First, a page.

I don’t claim to have all the answers, but I do think a writer’s personality determines how a writer edits their work.  Me, I believe spending too much time editing the words in the first stage of writing is a trap. Once the initial writing momentum is lost, it’s hard to get it back. Far better to push on and get the story out of jail (your head). When my creative daily writing is done, I spell check it, correct any obvious grammar issues, and save it. At the beginning I’m more interested in plotting and character developments than editing. After I clear the creative writing side of my brain, I focus on editing a completed story. A story where I feel the characters are ready, the plot is working, and all the loose ends in the story are tied up.

The next step for me is working with a writing group, my friends the PagePounders have set me straight on loose plots and characters that didn’t work many times. The story worked in my head, but not on the page. Changing plot or removing characters is a rewrite of the basic story lines. At the same time they will flag any grammar issues they catch. But here, I’m working on story more than editing sentences. Editing is being layered in at this point but not fine tuned.  Then I make a pass over the story pretending I’m a grammar gremlin. I’m better at this because I forced myself to study sentence structure, and I’ve learned from beta reader comments. Most serious beta readers want clean copy and stop reading if your manuscript is cluttered with basic grammatical errors.  You need Beta reader feedback so review grammar lessons if you’re weak. Beta readers are amazing and their feedback can make your story better.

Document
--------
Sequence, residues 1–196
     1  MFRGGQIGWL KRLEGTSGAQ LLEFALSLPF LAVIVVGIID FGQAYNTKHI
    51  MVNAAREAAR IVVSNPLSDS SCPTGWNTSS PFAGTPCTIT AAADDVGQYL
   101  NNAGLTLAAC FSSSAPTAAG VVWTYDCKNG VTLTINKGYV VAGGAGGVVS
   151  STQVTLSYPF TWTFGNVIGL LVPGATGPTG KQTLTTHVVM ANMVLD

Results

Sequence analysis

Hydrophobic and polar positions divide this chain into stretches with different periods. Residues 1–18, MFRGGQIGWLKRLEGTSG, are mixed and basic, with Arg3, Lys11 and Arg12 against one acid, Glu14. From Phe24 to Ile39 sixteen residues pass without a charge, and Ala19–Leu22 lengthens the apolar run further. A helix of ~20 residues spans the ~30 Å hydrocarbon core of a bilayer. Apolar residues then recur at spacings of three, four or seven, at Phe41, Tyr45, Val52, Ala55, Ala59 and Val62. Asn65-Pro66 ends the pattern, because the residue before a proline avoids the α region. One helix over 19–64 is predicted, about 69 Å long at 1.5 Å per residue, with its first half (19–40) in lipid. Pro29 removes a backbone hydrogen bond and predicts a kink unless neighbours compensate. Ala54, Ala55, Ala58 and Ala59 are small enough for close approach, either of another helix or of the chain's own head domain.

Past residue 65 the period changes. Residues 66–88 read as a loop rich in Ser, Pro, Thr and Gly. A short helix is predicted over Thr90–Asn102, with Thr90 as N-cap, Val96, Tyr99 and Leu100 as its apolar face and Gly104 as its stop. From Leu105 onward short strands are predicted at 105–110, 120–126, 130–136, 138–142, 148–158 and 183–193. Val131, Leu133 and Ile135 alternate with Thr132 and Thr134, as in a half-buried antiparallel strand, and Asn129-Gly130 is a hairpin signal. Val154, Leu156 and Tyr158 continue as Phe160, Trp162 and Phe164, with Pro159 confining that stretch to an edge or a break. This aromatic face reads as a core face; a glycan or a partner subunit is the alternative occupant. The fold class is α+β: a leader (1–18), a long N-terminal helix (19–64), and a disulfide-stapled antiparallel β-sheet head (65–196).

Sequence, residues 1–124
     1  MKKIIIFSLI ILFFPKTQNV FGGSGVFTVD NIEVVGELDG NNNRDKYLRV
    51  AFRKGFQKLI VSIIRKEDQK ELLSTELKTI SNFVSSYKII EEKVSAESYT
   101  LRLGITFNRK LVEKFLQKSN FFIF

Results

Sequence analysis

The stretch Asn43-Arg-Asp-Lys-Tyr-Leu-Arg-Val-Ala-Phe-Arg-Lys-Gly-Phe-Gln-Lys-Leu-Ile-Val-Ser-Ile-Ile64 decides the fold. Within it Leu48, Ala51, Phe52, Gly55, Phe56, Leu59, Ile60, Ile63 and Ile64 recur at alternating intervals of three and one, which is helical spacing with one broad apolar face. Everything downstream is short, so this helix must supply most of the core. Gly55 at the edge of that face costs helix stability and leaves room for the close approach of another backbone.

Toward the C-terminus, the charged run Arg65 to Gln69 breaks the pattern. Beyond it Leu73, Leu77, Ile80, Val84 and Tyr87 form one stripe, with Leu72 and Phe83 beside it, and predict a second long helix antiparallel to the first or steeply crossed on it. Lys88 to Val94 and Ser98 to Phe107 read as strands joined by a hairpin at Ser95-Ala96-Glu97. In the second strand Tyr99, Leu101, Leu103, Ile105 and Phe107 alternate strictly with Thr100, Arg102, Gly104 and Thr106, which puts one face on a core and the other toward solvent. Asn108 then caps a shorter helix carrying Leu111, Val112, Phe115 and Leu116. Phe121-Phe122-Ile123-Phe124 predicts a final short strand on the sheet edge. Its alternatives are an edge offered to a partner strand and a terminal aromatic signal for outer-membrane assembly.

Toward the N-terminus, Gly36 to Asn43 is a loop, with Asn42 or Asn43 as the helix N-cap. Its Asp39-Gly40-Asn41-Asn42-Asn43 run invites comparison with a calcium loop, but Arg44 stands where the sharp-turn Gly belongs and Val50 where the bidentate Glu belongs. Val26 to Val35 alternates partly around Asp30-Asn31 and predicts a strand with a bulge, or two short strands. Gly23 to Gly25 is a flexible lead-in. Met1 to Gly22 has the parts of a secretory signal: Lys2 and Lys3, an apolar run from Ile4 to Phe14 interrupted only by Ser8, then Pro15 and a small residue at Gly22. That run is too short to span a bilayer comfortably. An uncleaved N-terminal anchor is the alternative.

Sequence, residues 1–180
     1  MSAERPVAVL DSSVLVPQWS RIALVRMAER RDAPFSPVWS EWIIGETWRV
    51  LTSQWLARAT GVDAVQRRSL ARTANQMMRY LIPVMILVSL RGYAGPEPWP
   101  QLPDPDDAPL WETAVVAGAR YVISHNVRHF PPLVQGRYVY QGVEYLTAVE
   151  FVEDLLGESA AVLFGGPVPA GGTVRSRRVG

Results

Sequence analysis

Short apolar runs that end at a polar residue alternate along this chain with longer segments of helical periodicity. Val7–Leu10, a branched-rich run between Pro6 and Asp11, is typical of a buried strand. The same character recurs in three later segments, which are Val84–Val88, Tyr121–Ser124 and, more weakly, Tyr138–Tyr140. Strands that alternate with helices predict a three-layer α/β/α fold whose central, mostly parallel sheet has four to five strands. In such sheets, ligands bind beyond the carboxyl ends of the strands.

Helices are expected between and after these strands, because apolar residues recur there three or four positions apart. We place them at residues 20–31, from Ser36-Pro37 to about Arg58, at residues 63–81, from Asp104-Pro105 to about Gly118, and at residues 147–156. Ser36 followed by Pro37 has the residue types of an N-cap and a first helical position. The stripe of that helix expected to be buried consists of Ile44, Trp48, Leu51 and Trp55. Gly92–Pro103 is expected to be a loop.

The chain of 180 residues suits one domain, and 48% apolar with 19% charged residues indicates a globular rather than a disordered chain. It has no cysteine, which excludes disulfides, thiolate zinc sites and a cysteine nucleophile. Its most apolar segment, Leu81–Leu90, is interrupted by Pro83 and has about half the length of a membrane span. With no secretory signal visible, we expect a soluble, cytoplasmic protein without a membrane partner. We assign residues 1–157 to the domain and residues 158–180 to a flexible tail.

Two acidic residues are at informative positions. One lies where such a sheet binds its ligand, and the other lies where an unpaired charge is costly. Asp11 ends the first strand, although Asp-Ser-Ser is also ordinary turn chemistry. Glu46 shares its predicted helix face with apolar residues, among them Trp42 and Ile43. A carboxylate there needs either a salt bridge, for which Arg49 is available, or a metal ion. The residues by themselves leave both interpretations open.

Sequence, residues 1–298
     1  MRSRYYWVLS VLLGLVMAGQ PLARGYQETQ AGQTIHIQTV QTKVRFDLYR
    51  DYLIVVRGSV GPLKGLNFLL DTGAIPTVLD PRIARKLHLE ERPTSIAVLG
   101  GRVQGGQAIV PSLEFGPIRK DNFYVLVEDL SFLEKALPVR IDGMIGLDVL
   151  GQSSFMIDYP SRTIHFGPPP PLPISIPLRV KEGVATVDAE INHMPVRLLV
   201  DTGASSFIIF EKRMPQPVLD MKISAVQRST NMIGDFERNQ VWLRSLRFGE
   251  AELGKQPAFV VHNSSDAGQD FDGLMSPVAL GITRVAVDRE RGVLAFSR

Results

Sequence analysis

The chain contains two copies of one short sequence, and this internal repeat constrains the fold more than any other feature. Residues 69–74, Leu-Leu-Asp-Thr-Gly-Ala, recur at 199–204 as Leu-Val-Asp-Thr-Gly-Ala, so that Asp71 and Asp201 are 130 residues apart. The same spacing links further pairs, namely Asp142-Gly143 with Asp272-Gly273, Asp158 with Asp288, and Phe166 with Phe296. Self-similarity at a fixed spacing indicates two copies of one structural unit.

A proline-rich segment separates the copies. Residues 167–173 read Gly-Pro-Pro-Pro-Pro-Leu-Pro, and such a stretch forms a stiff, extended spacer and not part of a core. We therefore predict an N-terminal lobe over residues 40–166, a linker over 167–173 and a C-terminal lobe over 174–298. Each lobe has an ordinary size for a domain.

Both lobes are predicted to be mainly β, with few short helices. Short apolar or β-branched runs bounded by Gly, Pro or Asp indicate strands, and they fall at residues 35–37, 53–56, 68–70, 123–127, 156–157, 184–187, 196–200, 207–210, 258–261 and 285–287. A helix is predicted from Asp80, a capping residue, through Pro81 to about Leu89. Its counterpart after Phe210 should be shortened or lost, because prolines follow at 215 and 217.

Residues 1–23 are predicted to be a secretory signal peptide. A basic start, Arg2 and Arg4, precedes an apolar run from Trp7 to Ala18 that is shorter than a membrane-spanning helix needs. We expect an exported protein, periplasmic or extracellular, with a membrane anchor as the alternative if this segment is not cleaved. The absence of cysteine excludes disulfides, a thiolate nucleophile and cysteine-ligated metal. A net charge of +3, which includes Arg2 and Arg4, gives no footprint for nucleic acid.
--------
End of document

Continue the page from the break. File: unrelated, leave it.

My first step is always to print it on paper and read it for grammar and punctuation. Make the changes and save. Next, because I write in New Times Roman, I mark up the entire story (Control A) and change it to Courier. I like to read hard copy in this stage too. Changing the font, changes the way the sentences look and this helps me cut the fat, words that aren’t needed, which slow the reading of the sentence. I also catch small errors where I hit the comma key instead of the period (this usually happens on dialogue tags). As I read, I check for words I’ve combined into one word and it should be two.  I check this in a dictionary. Yes, it’s time consuming but worth it. I had a bad habit of putting in hyphens (between words) that didn’t need hyphens. Check every word you hyphenate with the dictionary or in a grammar book source. Worse, I didn’t fully capitalize words like this > University hospital instead of this > University Hospital. Proper nouns are capitalized all the way through. Make changes and save. In the next step, I study chapters out of order. I take a ruler and study the sentences for needed punctuation.